- Thu, 2012-01-19 15:32
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Value of the Diaspora
While I acknowledge that all of us left back in Jamaica want a piece of our Diaspora and most times it comes with a dollar tag, it is true that the value of a country’s Diaspora goes far beyond remittances. Even if, like Jamaica, those remittances comprise the country’s top foreign exchange earner!! A 2011 World Bank study places Jamaica second in the WORLD for brain drain. A Canadian International Development Agency (CIDA) report, from as far back as 2007, noted that almost 80% of our graduates emigrate. Although the verdict is still out as to whether Jamaica’s brain drain has caused irreparable damage to our country, what is inarguable is that many in the Diaspora are Jamaica’s brightest and best. About one million Jamaicans are said to be in the Diaspora.
If we follow the survey findings, many of our youth want to leave Jamaica and not return any time soon. Eighty-two per cent of street youth in Jamaica feel they’d be better off in the USA. That’s understandable because life on the streets of Jamaica is tough. However, close to 60% of those who live at home also feel that they’d be better off in the USA. I daresay, though, that this is not peculiar to Jamaica since the 2010 Caricom Youth Report highlighted many across the Caribbean region echoing similar sentiments.
Given the growing embeddedness of social networks and their increasing stickiness, meaning some are quite addictive, this phenomenon is not going away but becoming more and more integrated in our lives. Facebook is now at about three quarter billion accounts worldwide. While Facebook may have fallen off in the USA over the past couple months, India, Brazil and Indonesia more than make up for that and overall this social network continues to grow.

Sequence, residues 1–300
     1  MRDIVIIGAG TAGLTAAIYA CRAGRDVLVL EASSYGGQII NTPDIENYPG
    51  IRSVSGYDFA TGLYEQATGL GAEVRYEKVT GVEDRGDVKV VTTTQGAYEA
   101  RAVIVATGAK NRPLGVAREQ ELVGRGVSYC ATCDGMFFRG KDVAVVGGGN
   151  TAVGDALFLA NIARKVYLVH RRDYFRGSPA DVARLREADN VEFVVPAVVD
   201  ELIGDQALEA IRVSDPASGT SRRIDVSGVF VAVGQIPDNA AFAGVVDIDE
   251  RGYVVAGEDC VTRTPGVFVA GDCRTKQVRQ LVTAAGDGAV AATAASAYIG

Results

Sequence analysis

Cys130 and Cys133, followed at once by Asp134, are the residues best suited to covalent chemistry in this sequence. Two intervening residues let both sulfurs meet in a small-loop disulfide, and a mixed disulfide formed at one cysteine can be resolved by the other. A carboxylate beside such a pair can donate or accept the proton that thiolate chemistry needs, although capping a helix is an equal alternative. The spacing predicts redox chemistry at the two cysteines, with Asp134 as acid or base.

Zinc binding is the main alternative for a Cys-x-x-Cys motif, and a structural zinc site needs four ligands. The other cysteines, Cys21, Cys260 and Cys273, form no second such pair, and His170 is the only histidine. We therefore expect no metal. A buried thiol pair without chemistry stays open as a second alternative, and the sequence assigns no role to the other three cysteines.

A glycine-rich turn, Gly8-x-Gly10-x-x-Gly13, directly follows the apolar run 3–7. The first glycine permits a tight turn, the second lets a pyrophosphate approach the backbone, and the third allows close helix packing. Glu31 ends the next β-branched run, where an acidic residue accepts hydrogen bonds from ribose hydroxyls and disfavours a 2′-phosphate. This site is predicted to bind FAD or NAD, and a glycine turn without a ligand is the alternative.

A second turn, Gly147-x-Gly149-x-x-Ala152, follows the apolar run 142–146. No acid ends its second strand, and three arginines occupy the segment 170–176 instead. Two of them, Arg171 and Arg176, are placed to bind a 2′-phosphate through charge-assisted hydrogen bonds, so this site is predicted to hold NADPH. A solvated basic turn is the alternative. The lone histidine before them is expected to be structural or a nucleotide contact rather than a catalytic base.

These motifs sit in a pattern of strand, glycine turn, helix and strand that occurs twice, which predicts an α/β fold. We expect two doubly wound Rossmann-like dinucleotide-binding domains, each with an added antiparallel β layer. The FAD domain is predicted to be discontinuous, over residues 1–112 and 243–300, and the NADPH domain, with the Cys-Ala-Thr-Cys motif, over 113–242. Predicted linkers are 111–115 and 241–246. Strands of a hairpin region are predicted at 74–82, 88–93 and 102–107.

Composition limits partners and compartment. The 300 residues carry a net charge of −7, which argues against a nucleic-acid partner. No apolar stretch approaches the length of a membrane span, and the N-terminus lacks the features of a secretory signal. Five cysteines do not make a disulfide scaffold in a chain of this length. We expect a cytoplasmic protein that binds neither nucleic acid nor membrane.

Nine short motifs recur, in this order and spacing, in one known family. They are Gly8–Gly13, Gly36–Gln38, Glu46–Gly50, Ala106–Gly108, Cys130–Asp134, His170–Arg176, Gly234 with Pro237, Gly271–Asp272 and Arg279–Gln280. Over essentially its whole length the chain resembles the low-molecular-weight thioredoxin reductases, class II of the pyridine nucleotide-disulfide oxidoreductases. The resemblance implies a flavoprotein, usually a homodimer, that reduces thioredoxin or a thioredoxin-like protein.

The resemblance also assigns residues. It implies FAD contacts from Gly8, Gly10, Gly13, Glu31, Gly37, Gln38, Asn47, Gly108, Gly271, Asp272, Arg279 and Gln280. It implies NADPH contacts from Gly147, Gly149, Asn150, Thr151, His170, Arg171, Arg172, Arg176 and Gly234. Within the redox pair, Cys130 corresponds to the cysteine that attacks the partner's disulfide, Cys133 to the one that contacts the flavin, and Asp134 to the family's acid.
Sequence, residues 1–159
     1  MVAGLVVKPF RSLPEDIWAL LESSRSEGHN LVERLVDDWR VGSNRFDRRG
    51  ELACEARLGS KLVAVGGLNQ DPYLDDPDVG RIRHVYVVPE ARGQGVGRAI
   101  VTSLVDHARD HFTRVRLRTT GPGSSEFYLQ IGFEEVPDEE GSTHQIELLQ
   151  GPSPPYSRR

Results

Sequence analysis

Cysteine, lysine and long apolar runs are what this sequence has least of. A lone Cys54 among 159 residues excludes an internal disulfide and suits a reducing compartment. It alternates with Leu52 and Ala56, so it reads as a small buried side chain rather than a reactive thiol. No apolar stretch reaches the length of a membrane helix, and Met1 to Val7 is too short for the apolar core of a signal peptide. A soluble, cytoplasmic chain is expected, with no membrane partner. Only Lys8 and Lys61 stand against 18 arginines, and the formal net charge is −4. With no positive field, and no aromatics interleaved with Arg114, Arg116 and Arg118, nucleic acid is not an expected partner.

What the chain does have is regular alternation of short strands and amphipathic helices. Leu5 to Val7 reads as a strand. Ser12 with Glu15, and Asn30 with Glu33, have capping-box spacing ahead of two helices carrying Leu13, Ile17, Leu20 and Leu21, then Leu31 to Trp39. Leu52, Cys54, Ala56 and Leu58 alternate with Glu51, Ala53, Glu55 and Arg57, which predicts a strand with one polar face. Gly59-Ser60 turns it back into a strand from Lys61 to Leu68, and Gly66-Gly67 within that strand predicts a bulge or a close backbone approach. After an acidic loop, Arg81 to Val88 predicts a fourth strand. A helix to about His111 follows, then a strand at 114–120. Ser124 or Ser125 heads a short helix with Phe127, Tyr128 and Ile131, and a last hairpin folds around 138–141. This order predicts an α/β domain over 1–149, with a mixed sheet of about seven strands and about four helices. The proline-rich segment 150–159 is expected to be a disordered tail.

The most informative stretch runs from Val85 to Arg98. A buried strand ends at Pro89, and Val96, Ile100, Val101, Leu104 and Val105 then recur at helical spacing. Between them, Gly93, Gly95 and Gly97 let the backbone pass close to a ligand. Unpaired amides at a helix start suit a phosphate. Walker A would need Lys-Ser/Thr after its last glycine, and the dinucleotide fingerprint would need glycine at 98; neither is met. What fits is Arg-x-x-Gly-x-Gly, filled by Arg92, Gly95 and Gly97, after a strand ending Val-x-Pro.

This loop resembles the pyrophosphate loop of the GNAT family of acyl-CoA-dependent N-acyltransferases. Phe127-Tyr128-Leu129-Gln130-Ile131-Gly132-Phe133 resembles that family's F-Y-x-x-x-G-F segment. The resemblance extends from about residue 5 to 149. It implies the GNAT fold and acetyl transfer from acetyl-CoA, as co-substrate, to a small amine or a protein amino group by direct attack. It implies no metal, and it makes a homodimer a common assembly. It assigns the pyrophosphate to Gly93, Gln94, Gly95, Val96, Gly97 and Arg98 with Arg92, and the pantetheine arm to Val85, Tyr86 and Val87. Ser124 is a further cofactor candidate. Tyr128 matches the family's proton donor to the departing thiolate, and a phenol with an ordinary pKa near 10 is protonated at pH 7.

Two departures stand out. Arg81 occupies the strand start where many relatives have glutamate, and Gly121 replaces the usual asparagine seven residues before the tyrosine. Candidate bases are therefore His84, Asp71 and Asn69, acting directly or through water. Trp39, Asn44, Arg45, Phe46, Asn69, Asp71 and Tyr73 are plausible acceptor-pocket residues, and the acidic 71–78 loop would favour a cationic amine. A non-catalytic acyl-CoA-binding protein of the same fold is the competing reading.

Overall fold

With broadband access being rolled out across Jamaican schools and Government institutions, take-up of Facebook in Jamaica will grow exponentially, well beyond the present over 600,000. How then can we marry our Diaspora to social media to strengthen our ties of homeland? There are some success stories. The Jamaica Tourist Board does a great job at using Facebook and Twitter. Even with low household internet penetration levels, now at only about 16%, Jamaicans find a way to get on Facebook. As one inner city teenager told me, “If you not on Facebook, is like you don’t exist.” Compared to early last year, the number of Jamaicans on Facebook has doubled.
Nationalism via Social Media
Stephen Walt of Harvard’s, Kennedy School of Government, proclaimed in this July’s Foreign Policy Magazine, “Nationalism is the most powerful political force in the world and ignoring it will come at a price.” I’ve been watching this nationalism at work via Twitter. I notice how young Jamaicans living abroad fight to hold on to their homeland. We need to focus our energies on productively engaging the Jamaican Diaspora. Social networks can go a far way in helping with this. Your virtual friend can become your actual friend. I’ve learnt this via Twitter as close bonds are formed with my Jamaican overseas tweeps.
Hundreds of thousands of Jamaicans at home and in the Diaspora are on Facebook, Twitter and LinkedIn. My call to action is for you to take just one simple act -- Leverage your participation in social networks to foster greater links with Jamaicans at home. Go beyond friends and family to talk with others, including organizations. See how and where you can make your contribution to your homeland without undue exposure or stress to you. The more connected you are beyond the remittances, the more you’ll truly understand on the ground happenings and the better you’ll be to decide where and how to invest/spend your money. Jamaica beckons.